Author Interview: Lindsay Littleson
If you know anyone moving up to high school after the summer you may well want to introduce them to the engaging, funny and slightly troubled Lily McLean. Here we catch up with her creator Lindsay Littleson.
Hi Lindsay, thanks for talking to us today. Many of our authors have been avid readers and writers since they were children. Have you always been a writer?
When I was about nine I wrote stories in a ‘borrowed’ school jotter about a boy called Flipper and his exciting undersea adventures (I was probably inspired by the film Flipper). As a teenager I wrote reams of terrible poetry and I started writing short stories while I was at university. My life got so busy that I stopped writing altogether when I had four children and became a teacher. That was until three years ago, when it dawned on me that if I wanted to become a published author I ought to start writing again or it was never going to happen!
What have you learnt about writing since winning the Kelpies Prize in 2014?
I love writing and I wish I’d started years ago! Getting a book published was my childhood dream and I was absolutely over the moon when The Mixed-Up Summer of Lily McLean won the Kelpies Prize. However, being a children’s author is not an easy job and initially I was surprised by how many events are required.
Self-promotion can be especially challenging for debut and unknown authors and, although I’ve had to become rather good at blowing my own trumpet, I’m still far more comfortable in my own home, sitting in my pyjamas with a laptop and cup of tea! However, I relish talking to children at events and love helping to inspire the budding young writers of the future.
Can you tell us a bit about your writing process?
When I get an idea for a story I jot down my initial thoughts in a notebook with little doodles of the characters. My secret weapon is my daughter Emily who is brilliant at helping me to bounce ideas around. Because my books have a lot of plot twists it’s important to do the planning first. I begin with a rough outline of the chapters, often on post-it notes. By this stage, I’ll be desperate to dive in and start writing! My writing time is between 7pm and 10pm as I teach full-time. People sometimes ask me if I need peace and quiet to write. However, I’m happy to work in the living room while my partner and daughter are chatting or watching television, oblivious to background noise, until I hear the words, “Would you like a cup of tea?”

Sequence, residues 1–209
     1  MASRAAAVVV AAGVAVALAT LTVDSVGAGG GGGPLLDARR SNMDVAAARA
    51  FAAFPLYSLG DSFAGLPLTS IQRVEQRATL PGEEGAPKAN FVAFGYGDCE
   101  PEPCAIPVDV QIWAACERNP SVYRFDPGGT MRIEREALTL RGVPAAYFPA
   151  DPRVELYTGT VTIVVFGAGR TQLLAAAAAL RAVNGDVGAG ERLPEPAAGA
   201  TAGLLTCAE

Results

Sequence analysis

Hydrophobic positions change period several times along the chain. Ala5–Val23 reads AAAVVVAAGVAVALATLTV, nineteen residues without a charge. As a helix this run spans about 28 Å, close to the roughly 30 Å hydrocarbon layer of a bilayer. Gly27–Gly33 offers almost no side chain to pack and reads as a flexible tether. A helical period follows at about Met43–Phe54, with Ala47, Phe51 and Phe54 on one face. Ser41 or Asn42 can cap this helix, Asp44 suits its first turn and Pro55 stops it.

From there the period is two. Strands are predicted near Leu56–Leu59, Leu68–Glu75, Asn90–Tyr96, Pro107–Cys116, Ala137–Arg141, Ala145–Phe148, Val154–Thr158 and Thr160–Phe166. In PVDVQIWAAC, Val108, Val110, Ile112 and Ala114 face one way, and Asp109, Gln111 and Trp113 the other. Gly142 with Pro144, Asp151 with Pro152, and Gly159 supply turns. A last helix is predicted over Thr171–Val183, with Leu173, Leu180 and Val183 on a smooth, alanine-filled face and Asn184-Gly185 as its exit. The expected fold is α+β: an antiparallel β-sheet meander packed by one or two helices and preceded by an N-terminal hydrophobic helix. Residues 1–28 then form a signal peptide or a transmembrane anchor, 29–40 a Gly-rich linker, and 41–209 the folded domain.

Do you have any tricks in your bag for when you get writer’s block?
I haven’t had serious writer’s block yet, probably because I have thirty years worth of ideas for stories tumbling around in my head! If I have a week or two when my heart’s not really in it, I stop writing and read instead. After I won the Kelpies Prize I was so keen to write every night that I stopped reading for a while. I’ve always been an avid reader, it’s as important to me as writing. I’ve achieved a better balance now.
Where did you get the idea for the Lily McLean books?
I wanted to write books set on Cumbrae and Arran because I love both islands; small islands are such magical places. I wanted my stories to have some magic too but at the same time I wanted my characters to be realistic and relatable. The theme of transition seems to be one with which everyone could identify. I have vivid childhood memories of being horribly nervous about the prospect of leaving my tiny rural primary and going to secondary school. Like Lily, I was a child who liked making lists; aged eleven I had a list of worries a mile long.
In The Awkward Autumn of Lily McLean, Lily is faced with the challenge of moving from primary to secondary school. What advice would you give to her?
I’d advise her not to worry about being ‘popular’. I think you only need one or two real, kind friends in order to be happy. Also avoid saying mean things about somebody just to make others laugh or to fit in.
As a teacher, you must have met thousands of pupils. Have any of them made their way into your books?
Not directly, but listening to children’s conversations really helps me when I’m writing dialogue. My pupils are only five and six, the same age as Bronx and Hudson. Their conversations are often hilarious, as is their writing. This is my favourite ever letter from a pupil.
Are there any other authors who inspire you?
I adore The Family From One End Street by Eve Garnett, which I first read aged eleven. The Ruggles kids didn’t go to boarding school or own their own island. They were an ordinary working class family and as the eldest of five children I could really relate to bookish Kate Ruggles and her constant struggle to find some peace and quiet. It’s important that even when her life gets weird, Lily McLean should be as real to my readers as Kate Ruggles was to me.
More about Lindsay Littleson
For more news and updates about what Lindsay Littleson is up to, visit her website.
Are you a budding author with literary flair? We want you! Discover more about our Kelpies Prize here.
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